The economy was predicated on the notion of scarcity, but this is shifting. What is the new capitalism paradigm we’re transitioning into? How do Moore’s Law and Metcalfe’s Law play into this? What is missing in our conversation about small business and entrepreneurship? On this episode, Floodgate’s Mike Maples talks about mission clarity, the crisis in entrepreneurship and future of capitalism.
Technology has allowed for new categories and companies who aren’t fighting for scarcity, but creating a new kind of abundance. -Chris Lochhead
Most of us think the economy is what it is because it’s the only economy we’ve ever lived in.
A network capitalist can coordinate resources they don’t own because they are all networked.
Most of the criticisms of capitalism are examples where capitalism was interfered with.
At the start of the show, Mike shared on why the moon landing encompasses greatness and hot teams. We also discussed how the country could do more for veterans, and how technology can help create prosperity for everyone. Mike also gave us an interesting piece of history, “from 1820-2000 the standard of living of humankind went up thirteen-fold.” We also talked about the advantages of being a network capitalist. Mike went on to share on people’s attitudes towards innovation, “when you’re talking about the innovation of the future, the burden of proof is always on the guy who is pro-innovation, it should be on the person who is being negative.” Towards the end of the show we discussed how we can operate in the prosperity that tech jobs create.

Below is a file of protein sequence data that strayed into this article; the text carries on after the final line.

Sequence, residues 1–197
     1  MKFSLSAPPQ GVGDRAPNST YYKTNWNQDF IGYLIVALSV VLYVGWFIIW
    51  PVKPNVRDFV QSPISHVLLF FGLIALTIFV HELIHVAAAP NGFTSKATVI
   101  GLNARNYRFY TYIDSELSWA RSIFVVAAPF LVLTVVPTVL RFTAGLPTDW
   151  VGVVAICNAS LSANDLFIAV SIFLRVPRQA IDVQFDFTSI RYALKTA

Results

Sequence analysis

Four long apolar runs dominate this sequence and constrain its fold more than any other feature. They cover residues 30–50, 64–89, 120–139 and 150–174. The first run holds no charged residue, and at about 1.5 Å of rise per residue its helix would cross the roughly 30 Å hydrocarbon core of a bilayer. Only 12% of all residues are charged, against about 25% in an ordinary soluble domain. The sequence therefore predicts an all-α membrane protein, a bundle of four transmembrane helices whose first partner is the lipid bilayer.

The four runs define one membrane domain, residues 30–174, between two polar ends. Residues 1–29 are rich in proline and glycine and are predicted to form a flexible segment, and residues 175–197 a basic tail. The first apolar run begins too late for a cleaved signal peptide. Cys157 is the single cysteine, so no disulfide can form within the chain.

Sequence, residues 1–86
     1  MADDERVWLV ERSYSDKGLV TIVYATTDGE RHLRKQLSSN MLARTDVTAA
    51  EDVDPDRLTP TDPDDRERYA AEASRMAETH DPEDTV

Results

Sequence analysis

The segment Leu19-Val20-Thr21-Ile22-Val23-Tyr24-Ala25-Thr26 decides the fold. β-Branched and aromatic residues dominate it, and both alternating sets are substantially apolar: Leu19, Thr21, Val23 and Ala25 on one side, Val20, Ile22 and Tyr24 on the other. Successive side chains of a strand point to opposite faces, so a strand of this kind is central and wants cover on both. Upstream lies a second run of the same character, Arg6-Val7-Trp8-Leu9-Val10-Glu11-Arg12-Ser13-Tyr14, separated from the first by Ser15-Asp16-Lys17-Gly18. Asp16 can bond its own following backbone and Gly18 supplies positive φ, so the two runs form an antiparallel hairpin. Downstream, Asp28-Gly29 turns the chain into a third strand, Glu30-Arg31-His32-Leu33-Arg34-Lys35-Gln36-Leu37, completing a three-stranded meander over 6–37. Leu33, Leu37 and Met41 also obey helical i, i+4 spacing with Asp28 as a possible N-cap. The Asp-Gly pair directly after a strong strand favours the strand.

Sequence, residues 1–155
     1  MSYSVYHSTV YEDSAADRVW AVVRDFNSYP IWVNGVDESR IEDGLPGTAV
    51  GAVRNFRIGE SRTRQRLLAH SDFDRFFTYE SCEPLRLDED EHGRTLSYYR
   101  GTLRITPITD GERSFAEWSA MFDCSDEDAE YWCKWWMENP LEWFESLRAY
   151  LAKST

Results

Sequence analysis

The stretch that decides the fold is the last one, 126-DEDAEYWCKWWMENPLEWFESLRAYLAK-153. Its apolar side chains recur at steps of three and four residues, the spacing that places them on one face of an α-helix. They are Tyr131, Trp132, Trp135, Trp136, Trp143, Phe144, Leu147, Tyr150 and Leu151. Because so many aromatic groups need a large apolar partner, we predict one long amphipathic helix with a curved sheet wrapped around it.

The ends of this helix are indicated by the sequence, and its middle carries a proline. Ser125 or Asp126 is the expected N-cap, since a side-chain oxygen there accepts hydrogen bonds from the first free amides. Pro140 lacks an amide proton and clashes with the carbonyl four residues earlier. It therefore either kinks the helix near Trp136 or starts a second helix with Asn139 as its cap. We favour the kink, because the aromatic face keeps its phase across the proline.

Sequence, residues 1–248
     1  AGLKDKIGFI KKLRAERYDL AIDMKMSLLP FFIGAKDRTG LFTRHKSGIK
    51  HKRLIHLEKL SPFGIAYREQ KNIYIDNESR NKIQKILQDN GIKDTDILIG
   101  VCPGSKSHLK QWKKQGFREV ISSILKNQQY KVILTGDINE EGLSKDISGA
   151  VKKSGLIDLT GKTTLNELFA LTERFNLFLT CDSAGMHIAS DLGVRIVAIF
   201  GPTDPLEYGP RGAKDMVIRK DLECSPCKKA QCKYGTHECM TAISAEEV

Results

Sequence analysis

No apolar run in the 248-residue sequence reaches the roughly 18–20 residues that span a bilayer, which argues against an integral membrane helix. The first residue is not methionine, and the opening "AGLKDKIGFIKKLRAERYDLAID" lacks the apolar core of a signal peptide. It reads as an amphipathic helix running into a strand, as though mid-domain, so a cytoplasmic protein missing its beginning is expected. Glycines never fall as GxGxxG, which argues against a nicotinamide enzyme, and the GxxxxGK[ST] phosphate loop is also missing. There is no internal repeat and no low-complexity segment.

Mike also shared on:
Moore’s Law and Metcalfe’s Law
Why great founders are a lot like surfers
How we’ve over-regulated small business to death
How we’re shifting from managerial capitalism to network capitalism
How networks are reimagining labor and the employee social contract
Capitalism is shifting from the traditional corporations to networks. Value in the future is going to be a function of the reach, value and breadth of the networks you curate and manage. Venture capital was designed to back disruptive, exponentially growing companies, but capitalism is often suppressed by over-regulation. We need to find ways to bring the prosperity of tech jobs to more people. Our economy would be more vibrant, and there’d be much more broad prosperity for everybody.
Mike Maples Jr has been on the Forbes Midas List since 2010 and was also named one of “8 Rising Stars” by FORTUNE Magazine. Before becoming a full-time investor, Mike was involved as a founder and operating executive at back-to-back startup IPOs, including Tivoli Systems (IPO TIVS, acquired by IBM) and Motive (IPO MOTV, acquired by Alcatel-Lucent.) Some of Mike’s investments include Twitter, Twitch.tv, ngmoco, Weebly, Chegg, Bazaarvoice, Spiceworks, Okta, and Demandforce. Go to FloodGate.com for more information.